The new missile will also fit inside the internal weapons bay of the F-35.

The design contract will see Orbital mature the configuration of the AARGM-ER in preparation for the engineering and manufacturing development phase.

According to a defense department announcement, Orbital will be in charge of designing, developing and qualifying an Advanced Anti-Radiation Guided Missile (AARGM) anti-radiation homing (ARH) and millimeter wave (MMW) executive processor circuit card assembly as a form, fit, and functional replacement of the existing AARGM ARH and MMW.

The AGM-88E AARGM, currently in full rate production, is a supersonic, air-launched tactical missile system that upgrades legacy AGM-88 high speed anti-radiation missile systems with advanced capability to perform destruction of enemy air defense (DEAD) missions.

The AARGM-ER incorporates additional upgrades to improve operational capability including extended range and survivability. The AARGM-ER integrates existing AGM-88E AARGM sensors and electronics with an upgraded rocket motor and tail control system. The AARGM-ER will be compatible with the F/A-18E/F, EA-18G and F-35 with internal weapon’s bay-carriage.

“This contract is a major step in Orbital ATK’s ongoing commitment to advancing AARGM’s counter-air defense capability for the US Navy,” said Cary Ralston, vice president and general manager of Orbital ATK’s Defense Electronic Systems division of the Defense Systems Group. “We are committed to increasing the effectiveness of the warfighter to suppress and destroy enemy air defense threats while remaining safe.”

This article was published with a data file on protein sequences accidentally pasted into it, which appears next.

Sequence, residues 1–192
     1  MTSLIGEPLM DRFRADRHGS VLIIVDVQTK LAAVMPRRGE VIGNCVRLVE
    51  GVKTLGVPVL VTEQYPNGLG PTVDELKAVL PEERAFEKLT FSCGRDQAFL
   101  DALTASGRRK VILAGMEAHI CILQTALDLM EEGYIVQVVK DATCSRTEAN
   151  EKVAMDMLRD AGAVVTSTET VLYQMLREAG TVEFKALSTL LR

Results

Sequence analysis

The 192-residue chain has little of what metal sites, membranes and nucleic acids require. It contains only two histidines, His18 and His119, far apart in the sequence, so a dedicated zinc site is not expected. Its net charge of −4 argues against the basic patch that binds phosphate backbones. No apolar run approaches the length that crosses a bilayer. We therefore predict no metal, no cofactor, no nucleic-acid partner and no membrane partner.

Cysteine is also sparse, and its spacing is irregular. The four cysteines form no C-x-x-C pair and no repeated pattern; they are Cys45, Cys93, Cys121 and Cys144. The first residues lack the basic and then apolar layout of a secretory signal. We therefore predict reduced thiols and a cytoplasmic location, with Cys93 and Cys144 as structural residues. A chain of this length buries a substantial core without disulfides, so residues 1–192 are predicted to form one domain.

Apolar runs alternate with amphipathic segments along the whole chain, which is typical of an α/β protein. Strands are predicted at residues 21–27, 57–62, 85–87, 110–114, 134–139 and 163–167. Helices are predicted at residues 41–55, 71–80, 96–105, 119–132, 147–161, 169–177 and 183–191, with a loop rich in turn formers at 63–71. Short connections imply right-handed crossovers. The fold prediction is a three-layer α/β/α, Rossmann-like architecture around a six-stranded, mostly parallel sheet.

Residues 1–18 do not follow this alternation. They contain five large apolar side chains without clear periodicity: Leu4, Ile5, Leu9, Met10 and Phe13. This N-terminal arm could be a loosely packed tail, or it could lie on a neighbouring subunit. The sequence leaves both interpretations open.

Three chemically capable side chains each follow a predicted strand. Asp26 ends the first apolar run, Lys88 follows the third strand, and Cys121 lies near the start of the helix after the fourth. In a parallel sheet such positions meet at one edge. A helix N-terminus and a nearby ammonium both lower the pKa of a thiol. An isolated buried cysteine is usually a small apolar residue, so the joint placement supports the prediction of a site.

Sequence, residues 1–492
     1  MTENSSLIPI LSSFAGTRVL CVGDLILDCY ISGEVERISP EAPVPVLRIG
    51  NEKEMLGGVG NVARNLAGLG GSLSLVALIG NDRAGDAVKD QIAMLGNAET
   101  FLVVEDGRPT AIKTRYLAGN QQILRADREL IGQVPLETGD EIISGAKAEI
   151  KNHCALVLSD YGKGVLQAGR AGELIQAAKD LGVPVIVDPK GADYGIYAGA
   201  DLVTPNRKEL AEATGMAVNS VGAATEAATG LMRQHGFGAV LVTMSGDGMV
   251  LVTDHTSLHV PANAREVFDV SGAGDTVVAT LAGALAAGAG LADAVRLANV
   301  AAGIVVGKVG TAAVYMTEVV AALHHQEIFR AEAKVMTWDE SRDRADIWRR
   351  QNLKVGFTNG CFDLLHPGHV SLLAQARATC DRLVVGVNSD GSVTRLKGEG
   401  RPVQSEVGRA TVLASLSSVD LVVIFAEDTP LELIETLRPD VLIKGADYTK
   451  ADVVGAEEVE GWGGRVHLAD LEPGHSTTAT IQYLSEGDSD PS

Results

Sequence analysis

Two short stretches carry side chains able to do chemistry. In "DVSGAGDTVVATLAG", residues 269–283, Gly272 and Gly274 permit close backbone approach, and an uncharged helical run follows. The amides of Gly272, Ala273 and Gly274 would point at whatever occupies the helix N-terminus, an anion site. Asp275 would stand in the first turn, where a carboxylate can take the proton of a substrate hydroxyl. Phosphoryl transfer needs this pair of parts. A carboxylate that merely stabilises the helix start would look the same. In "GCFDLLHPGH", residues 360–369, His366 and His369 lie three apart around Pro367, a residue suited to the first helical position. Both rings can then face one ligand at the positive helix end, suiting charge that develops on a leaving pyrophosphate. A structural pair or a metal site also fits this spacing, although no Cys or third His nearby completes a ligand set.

The AGM-88E AARGM is currently deployed and supporting operational requirements for the US Navy and US Marine Corps. The missile is employed on the F/A-18C/D Hornet, F/A-18E/F Super Hornet and EA-18G Growler aircraft.

Work for the AARGM-ER contract will be performed at Orbital ATK’s facilities in Northridge and Ridgecrest, California.
A model of the AARGM-ER inside the F-35's internal weapons bay. Photo: US Navy
 

Jeff Head

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Super Moderator
...adding a little more verbiage and a pic to the announcement of Lockheeds COmbat System for the new RAN subs:


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Integration


Naval Today said:
The Australian defense ministry has awarded Lockheed Martin a AU$700 million contract to design, build and integrate a combat system for the Royal Australian Navy’s future submarines.

Announcing the contract on January 25, Australian defense industry minister Christopher Pyne said the contract with Lockheed Martin Australia would create 200 new jobs, majority of which will be based in South Australia.

“This contract will cover work to 2022, including the design of the combat system and procurement activities to select subsystem and component suppliers,” Pyne said. “The future submarine program remains on time and on budget, further demonstrated by this milestone event.”

Lockheed Martin Australia was selected as the future submarine combat system integrator in September 2016.

A total of 12 Shortfin Barracuda submarines will be built for Australia by French shipbuilder Naval Group at a cost of AUD 50 billion.